Goode, Better, Best
Pianist Richard Goode and the Milwaukee Symphony Orchestra offer superb versions of Mozart and Schubert masterworks.
Everyone knows Mozart was a genius; I could easily go a lifetime promising never to sound trite and to avoid saying this. Then I hear a work by him that is new to my ear, reflexively shake my head in awe, and say, “Man, Mozart was a genius.”
His remarkable outpouring of operas, symphonies, chamber works, and concerti all serve his reputation nicely regardless of hyperbole any critic cares to add. Mozart’s music, to paraphrase pianist Artur Schnabel, “is too simple for beginners and too hard for artists.”
However, on Saturday evening pianist Richard Goode, conductor Edo de Waart, and the Milwaukee Symphony Orchestra gave Mozart’s music all of the effortless beauty and precision one could possibly ask for. Mozart’s Concerto No. 18 in B-flat major for Piano and Orchestra, K. 456 (Paradis) is a perfectly-cut gem. Astonishingly, this performance was a Milwaukee Symphony Orchestra premiere. Two hundred thirty-one years after it was written, there is something new from Mozart for the MSO audience to listen to, and it was good indeed.
This concerto is a charming conversation that takes place mostly between the winds and horns and the piano. This is not to say that the strings weren’t there—they were, superbly—however, the single flute, two oboes, two bassoons, and two horns harkened the sonority of one of Mozart’s splendid wind serenades with a piano obbligato. It occurred to me that one of the reasons this concerto hasn’t been heard here before is that no conductor in his right mind would knowingly put the horns in such peril. Written in the stratosphere of the horn’s range, one small slip would stand out like dogs howling in the night. Matthew Annin and Dietrich Hemann played up in the nosebleed range of their horns with impeccable skill. I bring this up because that kind of accuracy and clarion high-note playing, when done well, often goes unnoticed. Their perfection made their artistry seem as though it were easy. For your cool under fire, horns: bravo.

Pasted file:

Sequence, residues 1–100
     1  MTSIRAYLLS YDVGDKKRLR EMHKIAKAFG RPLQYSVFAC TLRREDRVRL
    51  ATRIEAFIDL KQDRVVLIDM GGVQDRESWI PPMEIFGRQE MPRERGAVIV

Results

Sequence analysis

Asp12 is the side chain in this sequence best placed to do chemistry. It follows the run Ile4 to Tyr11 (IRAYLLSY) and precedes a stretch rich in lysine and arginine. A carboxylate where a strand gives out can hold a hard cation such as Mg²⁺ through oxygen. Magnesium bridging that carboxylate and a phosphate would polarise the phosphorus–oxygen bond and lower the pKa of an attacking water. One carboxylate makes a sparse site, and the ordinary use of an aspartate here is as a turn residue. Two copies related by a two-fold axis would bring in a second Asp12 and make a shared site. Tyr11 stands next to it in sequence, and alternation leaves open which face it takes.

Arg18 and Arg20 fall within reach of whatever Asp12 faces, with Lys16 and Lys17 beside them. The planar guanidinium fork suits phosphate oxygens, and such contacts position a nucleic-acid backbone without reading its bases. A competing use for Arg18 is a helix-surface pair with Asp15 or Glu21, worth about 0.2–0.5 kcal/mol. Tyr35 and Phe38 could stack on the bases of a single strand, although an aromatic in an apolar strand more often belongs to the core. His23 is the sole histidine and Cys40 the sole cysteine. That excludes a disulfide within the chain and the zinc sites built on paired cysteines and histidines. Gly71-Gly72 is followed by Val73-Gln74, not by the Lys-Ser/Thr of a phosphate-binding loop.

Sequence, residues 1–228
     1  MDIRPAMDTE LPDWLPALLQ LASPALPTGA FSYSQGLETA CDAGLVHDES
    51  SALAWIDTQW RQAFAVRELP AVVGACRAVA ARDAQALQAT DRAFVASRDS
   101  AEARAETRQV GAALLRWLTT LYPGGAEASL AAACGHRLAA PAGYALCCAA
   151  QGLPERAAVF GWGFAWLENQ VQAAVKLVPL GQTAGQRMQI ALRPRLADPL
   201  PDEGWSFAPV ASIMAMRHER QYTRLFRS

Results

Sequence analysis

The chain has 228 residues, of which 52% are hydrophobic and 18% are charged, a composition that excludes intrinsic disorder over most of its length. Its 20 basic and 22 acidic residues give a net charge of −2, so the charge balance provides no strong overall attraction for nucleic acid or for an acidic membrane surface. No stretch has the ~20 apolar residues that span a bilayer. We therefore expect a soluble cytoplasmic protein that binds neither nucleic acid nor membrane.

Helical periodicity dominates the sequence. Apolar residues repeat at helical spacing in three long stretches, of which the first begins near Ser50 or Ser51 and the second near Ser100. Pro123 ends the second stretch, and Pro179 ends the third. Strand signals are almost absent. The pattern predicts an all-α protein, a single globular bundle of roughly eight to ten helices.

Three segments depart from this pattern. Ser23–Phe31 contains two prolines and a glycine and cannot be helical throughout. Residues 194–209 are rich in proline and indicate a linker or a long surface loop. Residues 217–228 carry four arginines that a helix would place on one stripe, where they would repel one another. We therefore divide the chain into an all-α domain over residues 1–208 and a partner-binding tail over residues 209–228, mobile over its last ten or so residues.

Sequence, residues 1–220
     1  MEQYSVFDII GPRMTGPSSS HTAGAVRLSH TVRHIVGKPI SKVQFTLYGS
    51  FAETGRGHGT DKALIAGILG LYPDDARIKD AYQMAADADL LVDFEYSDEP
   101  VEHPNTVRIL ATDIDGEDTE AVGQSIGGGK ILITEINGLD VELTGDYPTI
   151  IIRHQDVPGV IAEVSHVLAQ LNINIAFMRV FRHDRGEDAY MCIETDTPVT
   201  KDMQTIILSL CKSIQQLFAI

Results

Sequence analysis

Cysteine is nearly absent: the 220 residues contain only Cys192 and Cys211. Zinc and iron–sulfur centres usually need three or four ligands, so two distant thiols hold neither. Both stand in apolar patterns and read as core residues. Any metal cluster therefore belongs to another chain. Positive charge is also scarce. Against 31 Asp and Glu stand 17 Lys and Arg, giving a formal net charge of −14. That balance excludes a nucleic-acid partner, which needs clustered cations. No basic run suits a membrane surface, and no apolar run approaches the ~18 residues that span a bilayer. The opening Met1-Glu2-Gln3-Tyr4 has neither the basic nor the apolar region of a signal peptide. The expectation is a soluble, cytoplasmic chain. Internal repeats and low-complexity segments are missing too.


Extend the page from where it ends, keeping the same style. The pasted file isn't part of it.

After intermission the orchestra performed Schubert’s Symphony No. 8 in C major, D. 944, “The Great.” In this masterwork, Schubert introduces a theme in each movement and then proceeds to develop that theme with great insistence. One either loves this symphony for its beauty and repetition or wearies of it quickly. I am in the “love it” camp, and the MSO played with relentless energy appropriate to the demands of the long, overarching architecture. The trombones, trumpets, and horns played their chorales and fanfares with first-rate intonation and balance, and the strings were rich and vibrant throughout. De Waart’s pacing kept the piece from seeming too long, and his well-trained orchestra responded with discipline and expressiveness.